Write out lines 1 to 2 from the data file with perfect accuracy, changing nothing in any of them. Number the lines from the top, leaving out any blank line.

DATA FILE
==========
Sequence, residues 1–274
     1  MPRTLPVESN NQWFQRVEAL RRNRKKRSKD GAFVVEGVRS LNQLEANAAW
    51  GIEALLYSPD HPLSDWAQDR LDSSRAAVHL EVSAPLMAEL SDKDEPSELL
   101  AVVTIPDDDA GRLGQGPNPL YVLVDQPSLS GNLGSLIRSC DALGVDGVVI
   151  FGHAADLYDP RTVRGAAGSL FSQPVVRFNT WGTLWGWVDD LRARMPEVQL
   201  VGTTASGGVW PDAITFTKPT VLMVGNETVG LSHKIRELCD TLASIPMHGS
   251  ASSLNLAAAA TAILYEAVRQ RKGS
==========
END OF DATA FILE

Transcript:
Sequence, residues 1–274
     1  MPRTLPVESN NQWFQRVEAL RRNRKKRSKD GAFVVEGVRS LNQLEANAAW